It doesn’t take very long to learn how politically suspect Hurston is. There is no secret about her participation in McCarthyist red‑baiting and her opposition to school integration in the 1950s, in the same decade in which her career collapsed. She ended up working as a maid, and ended up buried in an unmarked grave until Alice Walker showed up. I took the trouble of obtaining the articles she wrote for the American Legion magazine baiting black radicals such as Wright, Robeson, and various black Communists in her folksy style, and they made me nauseous. Coupled with her opposition to school integration, it is obvious how intimately cultural nationalism cavorts with fascism. What I did not know, having not yet moved down South, was how deeply ingrained conservativism runs in the blood (to use their language) of Southerners, and not just white males.

Well, the political issue is obvious, but its connections with literary and philosophical issues is not so above‑board.  The next thing that disturbed me was Hurston's indulgence in occultism by way of voodoo. I don’t mean that she got on the wrong side of somebody’s gris‑gris, as a famous black female writer who shall not be named here once suggested to me, but that occultism is fascism’s kissing cousin, inherently anti‑democratic, anti‑intellectual, anti‑individual, anti‑Enlightenment.

Yet Hurston is in many respects an Enlightenment figure, though her position is deliberately grounded in ambiguity. She indulges in, not merely studies, voodoo, yet she seems to view religion from a distance, even psychoanalytically at times. She does not sharply separate herself from folk consciousness, even when she shows up its limitations, including some acute observations of how provincialism and hardship affect character. It may well be that Wright was so put off by Hurston’s rhetorical strategy that he could not see the upside of Their Eyes or recognize the side of Hurston that would be congenial to his own perspective, but her folk shtik, maintained throughout her whole life, must have worked Wright’s last nerve.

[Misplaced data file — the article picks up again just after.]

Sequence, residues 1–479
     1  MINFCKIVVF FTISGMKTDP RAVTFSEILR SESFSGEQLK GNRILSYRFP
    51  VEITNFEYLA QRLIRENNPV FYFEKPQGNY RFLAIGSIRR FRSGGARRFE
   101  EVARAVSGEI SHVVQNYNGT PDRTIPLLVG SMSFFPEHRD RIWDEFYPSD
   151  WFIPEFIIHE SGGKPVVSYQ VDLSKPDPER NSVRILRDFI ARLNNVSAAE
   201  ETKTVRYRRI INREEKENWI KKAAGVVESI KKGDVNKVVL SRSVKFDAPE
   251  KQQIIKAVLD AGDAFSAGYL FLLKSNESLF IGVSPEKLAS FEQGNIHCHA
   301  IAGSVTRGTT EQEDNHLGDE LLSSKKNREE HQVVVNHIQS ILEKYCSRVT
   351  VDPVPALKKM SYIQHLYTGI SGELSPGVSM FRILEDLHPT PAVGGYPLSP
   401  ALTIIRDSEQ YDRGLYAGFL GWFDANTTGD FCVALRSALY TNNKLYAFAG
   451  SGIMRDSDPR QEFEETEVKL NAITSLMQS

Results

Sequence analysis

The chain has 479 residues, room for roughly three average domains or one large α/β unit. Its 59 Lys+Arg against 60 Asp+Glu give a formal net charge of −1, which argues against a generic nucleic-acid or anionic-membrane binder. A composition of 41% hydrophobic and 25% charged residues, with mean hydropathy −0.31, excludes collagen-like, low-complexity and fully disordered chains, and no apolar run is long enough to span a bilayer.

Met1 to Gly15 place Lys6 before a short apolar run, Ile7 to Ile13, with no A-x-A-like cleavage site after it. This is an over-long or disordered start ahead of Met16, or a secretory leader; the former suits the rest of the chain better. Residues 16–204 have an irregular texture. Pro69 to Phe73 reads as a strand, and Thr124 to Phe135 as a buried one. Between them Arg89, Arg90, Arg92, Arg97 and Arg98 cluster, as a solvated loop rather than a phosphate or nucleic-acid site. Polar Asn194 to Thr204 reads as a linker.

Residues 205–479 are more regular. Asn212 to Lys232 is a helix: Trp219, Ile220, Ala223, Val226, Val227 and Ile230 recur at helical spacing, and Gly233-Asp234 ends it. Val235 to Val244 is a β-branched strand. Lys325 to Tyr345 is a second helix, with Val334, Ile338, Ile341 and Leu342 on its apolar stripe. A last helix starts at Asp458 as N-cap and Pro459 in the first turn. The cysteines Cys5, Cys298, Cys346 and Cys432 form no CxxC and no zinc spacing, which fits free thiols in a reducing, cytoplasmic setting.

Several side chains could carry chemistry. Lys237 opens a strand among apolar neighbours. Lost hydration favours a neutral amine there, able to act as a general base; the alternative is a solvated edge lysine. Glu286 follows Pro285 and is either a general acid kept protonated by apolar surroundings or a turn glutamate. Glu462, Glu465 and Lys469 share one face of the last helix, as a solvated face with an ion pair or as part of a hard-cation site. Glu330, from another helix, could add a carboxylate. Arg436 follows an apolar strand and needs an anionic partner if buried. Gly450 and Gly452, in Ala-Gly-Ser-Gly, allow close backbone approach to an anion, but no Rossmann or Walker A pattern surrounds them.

Now is the moment to zero in on the crucial aspect of Hurston’s world view that relates to signifying. All throughout her work, esp. in documenting folklore, she refers to “lying”, the improvisatory alteration of given cultural material to serve the needs of the moment while storytelling. In her fiction, Hurston highlights improvisation as the key to black genius and creativity in all things. (Two decades I ago I considered this Hurston’s most brilliant philosophical contribution.)  By keeping to this side of black culture, she successfully finesses all the troubling questions about the limitations of the rural folk perspective. In her presentation of this world, the literal meaning of nothing is left in place; all that is solid melts into air, and all fixed beliefs are set into motion and deployed for the shifting needs of the moment, never stabilizing or rigidifying. Hurston exercises this strategy brilliantly, and as long as this non‑literal, improvisatory moment is sustained, Hurston is OK. Hold that thought.